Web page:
Other systematic maps and reviews in the environmental sciences have also reported few or no relevant studies, despite also focusing on widely applied, and well-funded disciplines [62,63,64]. It is important to share such results to illuminate knowledge gaps, limitations with study quality and to avoid duplicating enquiries or assumptions [65].

It is useful for practitioners and decision makers to know when an intervention has not been evaluated to support claims of effectiveness. However, the lack of a consensus on the outcomes of systematic conservation planning does not imply there is no evidence at all. Evidence can take multiple forms, including anecdotal observations from subject experts. For example, the 43 studies which reported the outcomes of systematic conservation planning interventions but which did not meet our rigorous inclusion criteria for study design and/or comparator (Additional file 7) are still valuable to decision makers [66]. Examples of anecdotal outcomes included; “…the initial conservation planning map… has already been used…to block proposed afforestation permits that would have destroyed an area of high conservation value…” [67: 10], and “…pooling of resources, expertise, and capabilities was one of the enabling features in delivery of the new zoning plan…” [7: 1742].

Limitations of the map

Comprehensiveness of search

The three included studies were located from different sources, reinforcing the importance of a multi-pronged strategy. The fact that experts in the field confirmed they were not aware of other published studies provided further support for our results (Additional file 1). Therefore, we doubt the inclusion of additional sources, non-English publications or contact with more subject experts would have made a major difference to our results.

A test library of eight studies we had expected to be included was used in the design and testing of the search string (Additional file 1 in the protocol [15]). This test library was also used to test the comprehensiveness of the search results returned after sources were searched and duplicates removed. Six of the test library articles were returned by our searches, two were not. One was an organisational report [68] so does not appear to have been accessible through the grey literature sources we searched. The grey literature is necessarily harder to search (e.g. some databases we hoped to include did not facilitate the mass exporting of search results, Additional file 1). The other test library article [69] appears to have included subject terms other than those in our search string (this issue is addressed further below).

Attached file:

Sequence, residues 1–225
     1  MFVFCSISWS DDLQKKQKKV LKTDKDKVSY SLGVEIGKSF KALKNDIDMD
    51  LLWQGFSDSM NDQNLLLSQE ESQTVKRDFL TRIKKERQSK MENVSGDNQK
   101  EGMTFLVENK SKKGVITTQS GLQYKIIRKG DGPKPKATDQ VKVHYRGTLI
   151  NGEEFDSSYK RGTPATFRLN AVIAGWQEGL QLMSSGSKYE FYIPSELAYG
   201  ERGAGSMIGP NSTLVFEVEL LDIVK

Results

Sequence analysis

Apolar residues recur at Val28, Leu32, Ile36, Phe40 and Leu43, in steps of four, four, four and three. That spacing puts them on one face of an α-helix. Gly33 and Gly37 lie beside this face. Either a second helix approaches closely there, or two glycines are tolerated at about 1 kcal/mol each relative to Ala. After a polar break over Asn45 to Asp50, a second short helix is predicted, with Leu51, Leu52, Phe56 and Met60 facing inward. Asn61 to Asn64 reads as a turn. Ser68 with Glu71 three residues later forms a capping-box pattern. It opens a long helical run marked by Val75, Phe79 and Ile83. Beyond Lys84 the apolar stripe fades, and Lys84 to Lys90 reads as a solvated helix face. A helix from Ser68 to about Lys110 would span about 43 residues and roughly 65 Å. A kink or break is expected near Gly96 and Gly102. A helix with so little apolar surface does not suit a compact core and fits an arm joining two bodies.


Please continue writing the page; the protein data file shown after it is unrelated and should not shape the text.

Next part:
Future revisions to this search strategy should consider broadening the search string. A keyword we recommend for inclusion is ‘ecoregion’ or ‘ecoregional assessment’, a term used by The Nature Conservancy to encompasses systematic conservation planning. These terms were trialled and not included in the search strings because they did not initially appear to contribute additionally to search results. Many ecoregional assessments were returned through our searches, but others may have been missed.

Limitations with our chosen subject terms apparently arose from the discipline of systematic conservation planning being relevant to a diverse array of subjects. Without significantly expanding the subject search terms to include a potentially limitless spatial terms (e.g. ‘protection’, ‘natural resource’, ‘forest’, ‘pasture’ and so on), relevant studies may be missed. Excluding the qualifier search terms also works to broaden the results, but a careful balance is required to avoid returning too many irrelevant search results.

There is a small risk that literature that does not conform with the academic jargon around systematic conservation planning was overlooked during screening. However, our inclusion and exclusion criteria (Table 5) were specifically designed with this risk in mind, focusing instead on key characteristics of plan design and implementation.

Efficiency in the review process

During the process of conducting this review we experimented with various technological approaches to increase the efficiency of screening thousands of articles. This included trialling specialised software to manage the screening process [38]. Automated duplicate checking, and web scraping also led to significant time savings. Despite progress in the use of machine learning to help automate abstract screening [70, 71], we concluded this technology is not sufficiently developed to have been applicable without further testing. Innovative methods are much needed, particularly as the size and scope of maps and reviews continue to increase [72, 73].


Implications for policy and management